Publication Type
Article
Keywords
Adult
Automobiles
Female
Humans
Industry
Male
Musculoskeletal Diseases - epidemiology - therapy
Occupational Diseases - epidemiology - therapy
Occupational Health
Ontario - epidemiology
Physical Therapy Modalities
Retrospective Studies
Risk factors
Time Factors
Treatment Outcome
Abstract
The purpose of this study was to describe the rate and distribution of treatment visits provided in an on-site, automotive plant, physiotherapy clinic over a 13-year period.
A retrospective cohort study was conducted using data collected at an on-site physiotherapy clinic (1990-2002, 65,977 visits; n = 2,636 workers).
The average age of workers was 43 +/- 9 years; most remained at work (85%) when treated. Disorders most commonly affected the shoulder, lumbar, and cervical regions; the median number of visits for these was 7, 6, and 5, respectively. Elbow disorders occurred commonly only for work-related complaints and required a median of eight visits. Rate of utilization was higher for women, with 47% of the plant's female workers attending physiotherapy in 1 year. Women had higher rates of cervical spine (12 vs. 22%) and wrist (5 vs. 10%) disorders. The two most common causes of injury reported by workers with an industrial injury were "frank injury arising out of normal employment" (51%) and "gradual onset/no frank injury" (37%). The diagnosis most often reported by the physiotherapist after initial assessment was "strain" which was similar for both industrial (43%) and non-industrial (49%) injuries. The six main departments in this automotive plant account for 93% of all industrial injuries reported. Final Assembly accounted for the largest number and highest rate of injury, although shift variability was noted in utilization rates (13 vs. 26%), despite the same tasks, shift schedules, and demographics. Although there was no control group, the number of visits to discharge was lower than reported in the literature for off-site physical therapy; there was a large reduction in claims (441-275) following introduction of the clinic and reduced duration/costs of lost time were identified by the employer as a rationale to continue and enhance the service over time.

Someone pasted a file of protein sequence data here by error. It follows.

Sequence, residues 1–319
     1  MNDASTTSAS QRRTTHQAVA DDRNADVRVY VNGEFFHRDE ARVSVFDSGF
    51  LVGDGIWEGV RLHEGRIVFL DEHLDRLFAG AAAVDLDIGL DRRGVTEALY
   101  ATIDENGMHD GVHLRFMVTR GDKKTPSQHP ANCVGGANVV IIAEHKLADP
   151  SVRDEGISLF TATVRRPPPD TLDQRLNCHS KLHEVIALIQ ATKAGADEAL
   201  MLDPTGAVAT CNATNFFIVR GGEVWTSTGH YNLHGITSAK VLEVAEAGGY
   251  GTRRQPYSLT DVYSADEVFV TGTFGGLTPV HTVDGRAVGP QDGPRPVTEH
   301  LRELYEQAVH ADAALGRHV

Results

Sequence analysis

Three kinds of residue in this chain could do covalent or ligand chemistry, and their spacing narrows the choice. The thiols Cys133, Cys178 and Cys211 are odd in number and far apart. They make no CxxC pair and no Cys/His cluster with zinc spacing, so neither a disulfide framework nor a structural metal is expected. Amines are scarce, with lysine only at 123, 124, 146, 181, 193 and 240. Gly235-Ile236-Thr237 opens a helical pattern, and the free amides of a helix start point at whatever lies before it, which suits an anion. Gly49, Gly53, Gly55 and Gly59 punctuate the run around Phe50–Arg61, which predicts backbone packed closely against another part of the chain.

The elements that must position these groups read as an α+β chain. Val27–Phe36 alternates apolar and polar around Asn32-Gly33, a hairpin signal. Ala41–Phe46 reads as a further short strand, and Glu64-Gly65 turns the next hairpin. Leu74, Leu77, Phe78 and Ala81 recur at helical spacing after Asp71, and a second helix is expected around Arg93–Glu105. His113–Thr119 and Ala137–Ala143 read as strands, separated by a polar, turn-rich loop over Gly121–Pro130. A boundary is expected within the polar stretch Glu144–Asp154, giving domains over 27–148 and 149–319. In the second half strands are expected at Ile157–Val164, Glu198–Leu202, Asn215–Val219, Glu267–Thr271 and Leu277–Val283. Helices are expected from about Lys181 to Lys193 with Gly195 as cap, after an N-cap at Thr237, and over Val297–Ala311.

On-site physiotherapy services can provide early, cost-effective management of WRMSD in the automotive sector. Service utilization reflects the influence of gender, job task, and shift-dynamics on rates and location of WRMSD.
PubMed ID
17955347 View in PubMed
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A 15-year prospective study of shift work and disability pension.

https://arctichealth.org/en/permalink/ahliterature93753
Source
Occup Environ Med. 2008 Apr;65(4):283-5
Publication Type
Article
Date
Apr-2008
Author
Tüchsen F.
Christensen K B
Lund T.
Feveile H.
Author Affiliation
National Research Centre for the Working Environment, Lersø Parkallé 105, DK-2100 Copenhagen Ø, Denmark. ftu@nrcwe.dk
Source
Occup Environ Med. 2008 Apr;65(4):283-5
Date
Apr-2008
Language
English
Publication Type
Article
Keywords
Adolescent
Adult
Denmark - epidemiology
Disabled persons - statistics & numerical data
Female
Humans
Male
Middle Aged
Occupational Diseases - epidemiology - etiology
Occupational Health - statistics & numerical data
Pensions - statistics & numerical data
Prospective Studies
Retirement
Risk Assessment - methods
Sex Factors
Work Schedule Tolerance
Abstract